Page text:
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I will resign from the Marriage Act

Tasmanian pastor Campbell Markham to put in his notice to Attorney General

No more official weddings, the pursuit of religious freedom demands, or carrying on as normal are among the diverse responses of Christians who opposed the changes to the Marriage Act that is set to be passed today by the federal parliament.

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When the Same Sex Marriage bill finally becomes Australian law, Campbell Markham, a Tasmanian Presbyterian minister, plans to withdraw from finalising marriages under the Marriage Act. Markham is currently the subject of a complaint to the Tasmanian Anti-Discrimination commissioner after preaching about marriage.

“The ‘Commonwealth Marriage Act’ is from today no longer concerned with marriage…” – Campbell Markham

Markham says he will revoke his “right to conduct weddings as a recognised agent of the Act, and sever any other official connection to it.” He has posted a letter on his blog, and states he will be send it to Attorney General George Brandis as soon as marriage is officially redefined in Australia.

He believes other ministers will join him, telling Eternity “but how many and when is complicated”. Markham’s reason to resign: “The ‘Commonwealth Marriage Act’ is from today no longer concerned with marriage: with the exclusive, lifelong union of one man and one woman, freely entered into.”

He adds the “Act will be a root and tool of injustice”. In Markham’s view, the Act will unfairly affect the emotional wellbeing of children separated from their biological parents.

Earlier this year, Markham went before Tasmania’s Anti-Discrimination commissioner following a complaint about comments he made on same-sex marriage. The complaint “is sitting in the Tasmanian Supreme Court until March,” Markham tells Eternity.

A number of Presbyterian ministers are considering whether to follow Markham’s lead.

Whether to withdraw from the Marriage Act has caused vigorous debate among Presbyterians (as it has within other denominations and Christian movements). At its last national General Assembly, the Presbyterian Church voted that “notwithstanding proposed changes to the Marriage Act, continuing to conduct marriages in our community according to the Rites of the Presbyterian Church is a testimony to God’s good created order, and creates gospel opportunities for our churches and ministers.”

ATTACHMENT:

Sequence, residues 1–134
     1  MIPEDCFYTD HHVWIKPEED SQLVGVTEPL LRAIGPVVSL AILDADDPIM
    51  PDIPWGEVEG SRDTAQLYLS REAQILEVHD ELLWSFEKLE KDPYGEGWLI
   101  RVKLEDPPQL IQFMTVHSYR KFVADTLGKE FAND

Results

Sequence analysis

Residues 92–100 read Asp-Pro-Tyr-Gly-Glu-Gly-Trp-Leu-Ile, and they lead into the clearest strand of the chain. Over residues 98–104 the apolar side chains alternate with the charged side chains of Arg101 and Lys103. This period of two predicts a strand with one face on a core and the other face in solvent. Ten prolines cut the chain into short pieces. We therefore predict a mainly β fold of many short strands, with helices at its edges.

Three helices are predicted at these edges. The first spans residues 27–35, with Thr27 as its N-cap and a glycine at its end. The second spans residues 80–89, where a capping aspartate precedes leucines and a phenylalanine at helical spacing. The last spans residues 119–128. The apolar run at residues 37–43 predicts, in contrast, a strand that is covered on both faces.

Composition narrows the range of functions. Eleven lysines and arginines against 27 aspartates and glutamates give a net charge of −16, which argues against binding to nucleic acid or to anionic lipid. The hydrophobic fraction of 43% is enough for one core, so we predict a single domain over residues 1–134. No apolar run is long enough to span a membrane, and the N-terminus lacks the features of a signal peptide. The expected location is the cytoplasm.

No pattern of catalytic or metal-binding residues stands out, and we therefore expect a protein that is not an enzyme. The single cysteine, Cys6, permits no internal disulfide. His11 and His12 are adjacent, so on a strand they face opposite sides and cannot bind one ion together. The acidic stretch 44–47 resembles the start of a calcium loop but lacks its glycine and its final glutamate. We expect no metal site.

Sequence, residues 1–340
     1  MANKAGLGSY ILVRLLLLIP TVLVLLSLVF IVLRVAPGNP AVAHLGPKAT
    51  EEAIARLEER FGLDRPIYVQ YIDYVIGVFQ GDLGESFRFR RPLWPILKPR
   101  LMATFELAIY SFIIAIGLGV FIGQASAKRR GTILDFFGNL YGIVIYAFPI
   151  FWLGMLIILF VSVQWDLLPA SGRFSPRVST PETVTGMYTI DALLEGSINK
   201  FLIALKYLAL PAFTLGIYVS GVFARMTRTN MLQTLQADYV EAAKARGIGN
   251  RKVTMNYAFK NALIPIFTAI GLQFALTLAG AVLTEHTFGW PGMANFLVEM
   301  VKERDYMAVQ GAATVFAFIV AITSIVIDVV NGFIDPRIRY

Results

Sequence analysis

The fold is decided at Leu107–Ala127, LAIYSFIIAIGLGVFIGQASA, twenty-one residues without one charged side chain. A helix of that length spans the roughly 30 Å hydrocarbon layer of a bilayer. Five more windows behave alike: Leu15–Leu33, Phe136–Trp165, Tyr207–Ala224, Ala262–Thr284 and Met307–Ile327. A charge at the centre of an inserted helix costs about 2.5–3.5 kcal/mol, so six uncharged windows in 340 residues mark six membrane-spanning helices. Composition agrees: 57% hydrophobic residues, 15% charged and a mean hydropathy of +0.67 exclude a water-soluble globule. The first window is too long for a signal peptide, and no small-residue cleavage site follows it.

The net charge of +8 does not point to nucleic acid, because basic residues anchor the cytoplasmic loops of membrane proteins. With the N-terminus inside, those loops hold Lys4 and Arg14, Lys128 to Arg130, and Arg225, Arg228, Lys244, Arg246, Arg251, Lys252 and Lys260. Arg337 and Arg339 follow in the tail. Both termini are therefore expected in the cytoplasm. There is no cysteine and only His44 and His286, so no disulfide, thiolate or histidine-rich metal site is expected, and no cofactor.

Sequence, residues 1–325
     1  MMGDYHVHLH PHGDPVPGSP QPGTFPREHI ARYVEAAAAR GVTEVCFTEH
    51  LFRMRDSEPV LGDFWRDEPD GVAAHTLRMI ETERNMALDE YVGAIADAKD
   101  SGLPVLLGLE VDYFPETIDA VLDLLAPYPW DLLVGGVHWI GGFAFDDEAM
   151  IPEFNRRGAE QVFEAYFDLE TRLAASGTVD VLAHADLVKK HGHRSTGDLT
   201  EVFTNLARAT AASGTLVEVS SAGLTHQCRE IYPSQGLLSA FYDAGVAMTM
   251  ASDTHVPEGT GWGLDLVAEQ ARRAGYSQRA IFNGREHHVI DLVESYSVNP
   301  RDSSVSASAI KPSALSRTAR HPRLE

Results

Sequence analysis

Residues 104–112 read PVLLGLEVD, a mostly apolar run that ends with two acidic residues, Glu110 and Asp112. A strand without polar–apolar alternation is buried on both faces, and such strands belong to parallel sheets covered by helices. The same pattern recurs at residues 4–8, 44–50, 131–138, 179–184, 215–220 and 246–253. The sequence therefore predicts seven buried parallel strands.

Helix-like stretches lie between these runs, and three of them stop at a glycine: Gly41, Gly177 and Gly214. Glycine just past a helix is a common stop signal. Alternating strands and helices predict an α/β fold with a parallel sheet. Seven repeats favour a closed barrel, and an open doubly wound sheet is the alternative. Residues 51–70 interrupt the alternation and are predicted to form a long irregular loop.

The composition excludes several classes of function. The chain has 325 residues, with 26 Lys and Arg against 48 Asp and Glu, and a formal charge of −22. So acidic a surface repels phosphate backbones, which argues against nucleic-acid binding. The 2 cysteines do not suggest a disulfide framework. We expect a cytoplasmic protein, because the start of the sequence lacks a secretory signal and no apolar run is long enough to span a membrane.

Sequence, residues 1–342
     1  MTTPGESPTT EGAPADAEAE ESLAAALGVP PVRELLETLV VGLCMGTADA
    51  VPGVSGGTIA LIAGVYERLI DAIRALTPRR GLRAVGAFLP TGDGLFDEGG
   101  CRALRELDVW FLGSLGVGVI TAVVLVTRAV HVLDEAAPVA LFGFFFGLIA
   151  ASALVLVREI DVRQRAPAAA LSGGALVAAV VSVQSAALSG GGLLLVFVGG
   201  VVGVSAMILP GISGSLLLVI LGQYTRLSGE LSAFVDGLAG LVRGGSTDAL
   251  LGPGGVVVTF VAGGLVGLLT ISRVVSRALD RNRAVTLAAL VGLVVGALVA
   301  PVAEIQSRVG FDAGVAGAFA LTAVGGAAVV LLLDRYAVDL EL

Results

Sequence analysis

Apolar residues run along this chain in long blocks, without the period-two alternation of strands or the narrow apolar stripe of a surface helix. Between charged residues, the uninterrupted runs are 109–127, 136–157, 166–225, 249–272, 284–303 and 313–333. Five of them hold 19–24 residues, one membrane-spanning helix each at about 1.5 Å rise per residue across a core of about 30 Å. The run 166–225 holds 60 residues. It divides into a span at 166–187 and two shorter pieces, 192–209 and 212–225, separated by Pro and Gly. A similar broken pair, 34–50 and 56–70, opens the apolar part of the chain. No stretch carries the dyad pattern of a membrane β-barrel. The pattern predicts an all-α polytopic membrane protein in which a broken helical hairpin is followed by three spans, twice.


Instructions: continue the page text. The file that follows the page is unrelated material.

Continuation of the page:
A number of Presbyterian ministers are considering whether to follow Markham’s lead.

An alternative response has been to consider the rights of others – rather than our own.

“Those of us who call Jesus Lord have enjoyed phenomenal freedoms in this land,” says Steve Cree, also a Presbyterian, and Queenslander from Creek Road church in Brisbane. “Yet we’ve been so terribly complacent in using them. Now these freedoms are threatened.

“What to do? I suggest: 1. Resolve to do more with less. 2. Know for certain that our greatest freedom – from the penalty of death for sin – cannot be taken away. 3. Safe and thankful in that knowledge, contend more for the freedom of others than ourselves.”

“Any attempt to force Christians to compromise their faith would be wrong.” – Brian Houston

Hillsong’s Senior Pastor Brian Houston strikes a similar note in a post postal survey comment, but expresses concern about religious freedom. “My personal belief in the Bible’s teachings on marriage will not change, and the work of our church will continue as usual as it does in many parts of the world where same sex marriage is legal,” Houston stated. “It is vital however, that legislation protects the rights of churches, pastors and others to hold beliefs based on the traditional teachings of scripture. Freedom of religion is a fundamental part of a democratic society and must be upheld. Any attempt to force Christians to compromise their faith would be wrong.”

As the bill has passed through parliament, there have been various versions of the religious freedoms which should be sought following changes to the Marriage Act. These have included:

● Protect civil celebrants refusing to marry gay couples.

● Create two definitions of marriage — one as between a man and a woman and the other as between two people.

● Protect “relevant beliefs” around marriage.

● Prevent governments and agencies from taking action against people with a traditional view of marriage.

● Allow parents to remove their children from classes if they believe material taught is inconsistent with their views on marriage.

At the time of publishing this article, all the amendments to the bill had failed. Discussion of religious freedom will be taken up by a panel appointed by the Federal Government which will report on whether our laws provide enough protection.

The panel is headed by former Liberal MP and Cabinet Minister, Philip Ruddock. He is joined by Human Rights Commission president Rosalind Croucher, former Federal Court judge Annabelle Bennett and Australian Jesuit priest and human rights lawyer Frank Brennan. They have been given a deadline of March 31.

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